Lesson Plan Jan 26 – Jan 31, 2015

For this weeks lessons the focus is going to be on hands. Hands are one of the key components for communication with the horse. Improperly held/used can cause miscommunication, and at worst can cause unjust pain to the horse.

The idea of bit communication is not to cause pain, but rather a tool to communicate. I like to compare it to holding someone’s hand to stay together in a crowd, or to guide a blind person. You don’t want to yank the person’s hand to guide them (unless they are in danger!), but nor do you want such a weak contact they aren’t really sure what you want.

The two biggest issues I see are hands that are held to open, and hands that are allowed to get flat.

Open hands are an issue for a few reasons. The main one is that they create an inconsistent contact with the horse. A horse tends to learn to protect itself from this inconsistent contact by carrying a stiffer jaw and resisting this type of contact. There is also the risk that if the horse pulls the reins will slip, and the horse will then learn to pull to get a release/reward! Finally, a rider that rides consistently with open hands won’t learn proper feel as the reins will be held along the fingers and not along the palm as we want.

Flat hands are an issue as this twist the bones of the forearm and slows the feel and reaction time of the rider’s hand and arm. It also pulls the reins away from the neck, so you lose the added cue for the horse of the feeling of the rein against the neck.

Hands should ideally be held at a slight angle, similar to the angle of the horse’s shoulders. The thumbs should be folded over the top of the reins and make a roof holding the rein. The knuckle of the thumb should be pointed at the horse’s ears, and the hands should be about as far apart as the horse’s ears. The fingers should be bent in a loose fist, with the reins against the palm of the hands. The fist should not be tight like you are trying to strangle the reins, but should be tight enough that if magically turned into hamsters, you would not let them squirm free!

Holding your hands only as wide as the horse’s ears, means the reins will be against both sides of the horse’s neck when the horse is straight. This is important, as you want the horse to feel when the rein comes away so it learn to listen to this cue! The issue is that this pull of the reins tends to make riders want to allow their hands to get flat…you need to get used to this feeling and keep the reins against the neck unless you want to turn or flex their neck!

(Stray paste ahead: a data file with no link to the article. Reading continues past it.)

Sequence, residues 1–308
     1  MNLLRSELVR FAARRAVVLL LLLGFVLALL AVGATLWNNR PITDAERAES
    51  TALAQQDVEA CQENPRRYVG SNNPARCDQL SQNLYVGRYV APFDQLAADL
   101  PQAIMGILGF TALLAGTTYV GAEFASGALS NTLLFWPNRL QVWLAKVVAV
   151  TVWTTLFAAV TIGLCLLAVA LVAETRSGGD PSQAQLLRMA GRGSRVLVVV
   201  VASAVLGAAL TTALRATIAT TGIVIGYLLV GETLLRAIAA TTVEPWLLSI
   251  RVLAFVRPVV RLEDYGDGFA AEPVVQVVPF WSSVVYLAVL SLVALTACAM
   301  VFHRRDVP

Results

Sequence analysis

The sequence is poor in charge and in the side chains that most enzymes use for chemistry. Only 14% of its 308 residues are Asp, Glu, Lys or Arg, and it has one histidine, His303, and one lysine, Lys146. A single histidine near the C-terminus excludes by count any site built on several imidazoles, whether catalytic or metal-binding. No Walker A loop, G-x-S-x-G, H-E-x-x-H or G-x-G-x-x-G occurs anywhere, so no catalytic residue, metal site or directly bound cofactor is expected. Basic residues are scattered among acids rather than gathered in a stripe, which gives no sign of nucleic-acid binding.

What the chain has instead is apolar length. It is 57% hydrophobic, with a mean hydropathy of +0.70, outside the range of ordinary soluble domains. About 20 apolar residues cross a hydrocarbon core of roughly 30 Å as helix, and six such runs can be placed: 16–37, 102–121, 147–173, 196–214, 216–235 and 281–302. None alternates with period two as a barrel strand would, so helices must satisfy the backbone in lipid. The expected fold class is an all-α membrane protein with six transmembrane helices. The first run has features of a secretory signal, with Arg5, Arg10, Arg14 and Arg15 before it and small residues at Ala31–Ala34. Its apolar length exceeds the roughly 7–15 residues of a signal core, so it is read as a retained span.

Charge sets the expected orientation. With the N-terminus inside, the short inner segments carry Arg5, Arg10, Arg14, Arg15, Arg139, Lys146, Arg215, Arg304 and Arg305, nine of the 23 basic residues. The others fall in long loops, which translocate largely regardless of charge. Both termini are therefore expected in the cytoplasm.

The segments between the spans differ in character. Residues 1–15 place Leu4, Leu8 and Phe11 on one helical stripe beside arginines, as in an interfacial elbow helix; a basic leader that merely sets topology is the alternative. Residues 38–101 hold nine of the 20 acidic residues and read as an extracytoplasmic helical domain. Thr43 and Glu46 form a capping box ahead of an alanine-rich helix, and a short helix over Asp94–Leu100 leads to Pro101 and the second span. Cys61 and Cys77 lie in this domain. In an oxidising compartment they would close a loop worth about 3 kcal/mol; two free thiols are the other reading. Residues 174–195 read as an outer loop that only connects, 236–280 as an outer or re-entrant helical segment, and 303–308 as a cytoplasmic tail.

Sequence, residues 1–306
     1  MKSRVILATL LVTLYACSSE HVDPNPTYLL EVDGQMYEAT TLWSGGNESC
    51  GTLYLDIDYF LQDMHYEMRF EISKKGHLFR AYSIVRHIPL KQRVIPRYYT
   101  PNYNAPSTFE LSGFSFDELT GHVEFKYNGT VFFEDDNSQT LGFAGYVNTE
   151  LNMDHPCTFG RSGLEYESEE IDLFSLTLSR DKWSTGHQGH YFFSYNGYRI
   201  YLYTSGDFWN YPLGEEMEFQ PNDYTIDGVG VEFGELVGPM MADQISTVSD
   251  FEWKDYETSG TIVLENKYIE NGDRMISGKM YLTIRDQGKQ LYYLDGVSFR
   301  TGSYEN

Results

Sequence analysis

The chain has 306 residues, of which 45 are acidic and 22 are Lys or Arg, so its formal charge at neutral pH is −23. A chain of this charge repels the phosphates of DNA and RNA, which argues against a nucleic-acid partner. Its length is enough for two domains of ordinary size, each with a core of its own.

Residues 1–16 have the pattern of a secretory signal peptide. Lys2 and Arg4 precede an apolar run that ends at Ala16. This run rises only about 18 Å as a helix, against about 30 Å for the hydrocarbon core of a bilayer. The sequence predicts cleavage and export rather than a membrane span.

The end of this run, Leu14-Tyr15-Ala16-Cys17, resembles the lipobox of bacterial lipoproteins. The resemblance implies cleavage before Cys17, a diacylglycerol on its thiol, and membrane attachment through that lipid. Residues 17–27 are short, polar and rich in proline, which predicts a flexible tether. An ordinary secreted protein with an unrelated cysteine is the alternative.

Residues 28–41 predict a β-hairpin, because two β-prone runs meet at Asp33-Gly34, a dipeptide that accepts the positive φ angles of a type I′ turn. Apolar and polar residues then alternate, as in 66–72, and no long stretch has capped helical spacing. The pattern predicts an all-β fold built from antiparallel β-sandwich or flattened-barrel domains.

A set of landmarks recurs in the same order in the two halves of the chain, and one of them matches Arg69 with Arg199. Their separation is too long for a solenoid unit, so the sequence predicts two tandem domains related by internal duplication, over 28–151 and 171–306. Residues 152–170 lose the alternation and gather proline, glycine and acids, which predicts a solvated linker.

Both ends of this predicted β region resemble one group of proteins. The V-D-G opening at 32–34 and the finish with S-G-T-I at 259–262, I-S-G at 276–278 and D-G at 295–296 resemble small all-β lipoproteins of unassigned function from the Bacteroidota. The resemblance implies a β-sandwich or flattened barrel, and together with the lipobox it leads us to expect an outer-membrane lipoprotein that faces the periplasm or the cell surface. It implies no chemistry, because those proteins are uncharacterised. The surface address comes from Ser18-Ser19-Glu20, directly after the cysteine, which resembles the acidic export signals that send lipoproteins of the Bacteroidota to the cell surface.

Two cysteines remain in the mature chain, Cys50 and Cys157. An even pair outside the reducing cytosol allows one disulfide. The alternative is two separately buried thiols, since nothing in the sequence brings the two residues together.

Now if you want to increase the pressure against the neck, it is important you don’t cross the hand over the neck as you will twist your body and be off balance. Instead turn your hand so your pinky twists closer to the neck. This will bring the rein against the neck without twisting the body.

If you wish to use the rein to encourage flexion/turning of the head and neck, it will have to come away from the neck, but you don’t have to exaggerate this movement) unless you are schooling flexions). Just move your hand enough that the rein is off the neck…if more is needed it needs to come from your LEG. Don’t exaggerate hands to make up for weak leg!

When jumping, it is additionally important the hands stay together as we want the horse to be quite straight through their neck and body so they approach the jump in balance. It can help to think of neck reining (using outside rein to steer) more than pulling to steer. At the jump the reins should follow either the crest of the neck (forward and slightly up) to release, or follow down towards the horse’s mouth. There is no reason to lift the reins UP and away from the neck on the approach or at the jump. The release MUST be along/beside the neck.

So to work on this we will have some turning exercises as well as a grid! I might have  a “tool” to help remind people to hold their thumbs up and hands close as well…